Gotham Chopra Talks Working with Tom Brady on Religion of Sports
If you feel like Sunday morning pilgrimages to Gillette Stadium are akin to religious experiences, you may want to check out Religion of Sports. The six-part documentary series by filmmaker Gotham Chopra, son of author Deepak Chopra, explores the cultural and spiritual impact of sports on fans and athletes across the globe. The new show, which debuts November 15 on DirecTV’s Audience network, also features Patriots quarterback Tom Brady and former Giants star Michael Strahan as executive producers. Ahead, Gotham opens up about being a “diehard” Boston sports fan, what it was like working with Brady on the series, and why deifying star athletes can be dangerous.
Where did you get the idea for Religion of Sports?
This is sort of a convergence of my passions. I grew up in Boston, a diehard Patriots, Celtics, Red Sox, and Bruins fan, living and dying by my teams. I still do to this day. I also grew up with my family, of course my father, and exposed to that world of religion and spirituality and all these incredible people from different wisdom traditions. Probably when I was a teenager, I started to realize and have these debates with my father and say, “Hey look. Everything you talk about in these spiritual traditions of pilgrimages to holy places, about believing in something bigger than yourself, about sacred spaces, superstitions, curses—all these things exist in sports.”
It must’ve been a dream come true to collaborate with Tom Brady. How did that working relationship come about?
Tom used to have a home in Los Angeles not far from where I lived in Brentwood. He spent a lot of his off seasons there. I used to joke that Tom was like Edward Scissorhands, living up in this great house, and really didn’t leave often. So we had mutual friends and somebody knew that I was a huge Patriots fan. I just sort of met him that way and we started talking.
How involved has Brady been as a producer and what sort of perspective did he bring to the series?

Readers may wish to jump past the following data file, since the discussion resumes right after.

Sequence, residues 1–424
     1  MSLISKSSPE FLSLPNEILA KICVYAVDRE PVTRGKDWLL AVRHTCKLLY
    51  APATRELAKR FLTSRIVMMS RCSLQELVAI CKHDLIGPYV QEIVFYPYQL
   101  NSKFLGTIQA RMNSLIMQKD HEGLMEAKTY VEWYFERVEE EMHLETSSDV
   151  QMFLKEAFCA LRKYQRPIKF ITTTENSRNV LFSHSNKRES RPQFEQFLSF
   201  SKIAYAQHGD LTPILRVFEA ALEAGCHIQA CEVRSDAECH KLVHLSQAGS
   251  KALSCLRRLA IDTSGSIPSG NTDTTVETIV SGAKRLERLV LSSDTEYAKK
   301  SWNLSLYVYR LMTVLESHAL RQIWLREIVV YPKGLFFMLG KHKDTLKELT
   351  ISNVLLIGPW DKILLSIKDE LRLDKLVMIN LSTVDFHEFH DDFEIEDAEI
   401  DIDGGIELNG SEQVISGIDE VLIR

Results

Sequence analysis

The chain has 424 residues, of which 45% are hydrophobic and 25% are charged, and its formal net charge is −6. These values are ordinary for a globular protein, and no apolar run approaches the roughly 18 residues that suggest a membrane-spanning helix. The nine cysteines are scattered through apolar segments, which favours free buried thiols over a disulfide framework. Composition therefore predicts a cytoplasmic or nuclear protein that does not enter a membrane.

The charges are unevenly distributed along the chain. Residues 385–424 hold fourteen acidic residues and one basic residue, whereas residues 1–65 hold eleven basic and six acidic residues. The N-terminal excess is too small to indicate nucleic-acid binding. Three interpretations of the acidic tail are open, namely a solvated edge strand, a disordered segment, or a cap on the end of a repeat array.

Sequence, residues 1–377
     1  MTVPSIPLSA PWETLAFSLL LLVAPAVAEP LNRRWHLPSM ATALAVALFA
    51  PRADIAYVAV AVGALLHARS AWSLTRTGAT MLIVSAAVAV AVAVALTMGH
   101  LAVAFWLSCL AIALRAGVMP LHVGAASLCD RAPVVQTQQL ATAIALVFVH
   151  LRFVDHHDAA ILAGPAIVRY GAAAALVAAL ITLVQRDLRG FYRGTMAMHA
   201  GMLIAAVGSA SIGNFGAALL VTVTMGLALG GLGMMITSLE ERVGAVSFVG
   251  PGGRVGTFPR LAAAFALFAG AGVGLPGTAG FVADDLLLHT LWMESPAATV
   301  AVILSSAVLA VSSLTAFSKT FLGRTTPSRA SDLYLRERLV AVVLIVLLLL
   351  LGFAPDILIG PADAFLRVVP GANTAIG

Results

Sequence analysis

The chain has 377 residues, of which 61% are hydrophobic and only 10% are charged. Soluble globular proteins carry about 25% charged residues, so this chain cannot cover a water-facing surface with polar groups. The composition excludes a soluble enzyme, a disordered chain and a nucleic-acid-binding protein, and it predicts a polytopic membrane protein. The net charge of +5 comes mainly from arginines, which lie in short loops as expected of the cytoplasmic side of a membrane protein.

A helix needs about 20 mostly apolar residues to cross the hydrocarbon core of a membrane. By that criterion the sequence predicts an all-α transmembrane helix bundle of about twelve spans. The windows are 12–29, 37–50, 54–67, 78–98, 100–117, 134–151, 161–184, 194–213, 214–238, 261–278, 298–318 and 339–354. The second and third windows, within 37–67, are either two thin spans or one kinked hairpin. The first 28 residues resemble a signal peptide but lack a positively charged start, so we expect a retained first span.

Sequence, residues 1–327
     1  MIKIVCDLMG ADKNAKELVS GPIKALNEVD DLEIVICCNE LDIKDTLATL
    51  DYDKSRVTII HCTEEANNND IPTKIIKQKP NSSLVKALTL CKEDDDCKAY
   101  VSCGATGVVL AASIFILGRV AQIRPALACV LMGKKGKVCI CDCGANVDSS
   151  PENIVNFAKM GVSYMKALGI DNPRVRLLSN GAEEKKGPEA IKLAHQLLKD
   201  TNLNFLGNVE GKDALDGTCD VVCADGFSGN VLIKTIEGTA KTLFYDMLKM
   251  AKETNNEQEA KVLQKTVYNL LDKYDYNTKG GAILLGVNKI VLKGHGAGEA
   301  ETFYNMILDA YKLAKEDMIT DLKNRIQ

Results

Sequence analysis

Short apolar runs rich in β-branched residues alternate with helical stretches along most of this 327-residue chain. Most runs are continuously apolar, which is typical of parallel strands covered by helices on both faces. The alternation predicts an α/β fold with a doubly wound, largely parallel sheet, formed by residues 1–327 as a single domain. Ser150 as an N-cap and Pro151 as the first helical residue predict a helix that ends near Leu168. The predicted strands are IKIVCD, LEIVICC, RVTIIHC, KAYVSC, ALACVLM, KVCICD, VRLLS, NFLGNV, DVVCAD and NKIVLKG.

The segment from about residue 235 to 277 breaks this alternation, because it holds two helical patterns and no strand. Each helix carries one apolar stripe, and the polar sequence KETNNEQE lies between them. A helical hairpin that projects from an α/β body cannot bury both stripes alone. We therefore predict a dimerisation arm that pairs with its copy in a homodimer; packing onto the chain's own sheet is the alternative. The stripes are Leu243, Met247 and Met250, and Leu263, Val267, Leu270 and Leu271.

I guess where he’s actively involved is, I share all the cuts, I talk to him regularly about what we’re putting together, even some of the curation of the ideas. I bounce a lot of stuff off of him. Tom’s not a television executive or has a lot of experience as a producer, but he lives and breathes this religion every single day. He brings a perspective that’s hard to find.
As you probably know, Brady is treated pretty like a god in New England. Do you think there’s a danger to deifying sports stars?
I absolutely think there is. I think that’s often time more from the fans. You see athletes going out of their way to talk about being human and about the mistakes that they’ve made and all of that. I think that, like most religions, there’s certain things that are worth admiring. I admire Kobe Bryant’s commitment to his craft, his discipline, his desire to be the best that ever was at what he does and everything that goes into that. I don’t even know if I could necessarily do that in my own life. People like Tom are pretty humble. He talks about it all the time, “I’m good at this one thing, it doesn’t mean everything in my life is perfect.” I definitely think there’s a danger in that. We do it, not only in sports, we do it in pretty much every other field as well.
On the flip side, did you discover any positive aspects to being a devoted sports fan while working on the series?
I think it’s more positive than negative. I think becoming a part of something bigger than yourself, [sports] brings together people from all walks of life, all socioeconomic classes, all races. They provide a sense of belonging. What’s great about sports, whether you’re a fan or an athlete, if you participate, generally, miracles happen.
‘Religion of Sports’ airs Wednesdays at 8 p.m. on DirecTV’s Audience network.
This interview has been edited and condensed.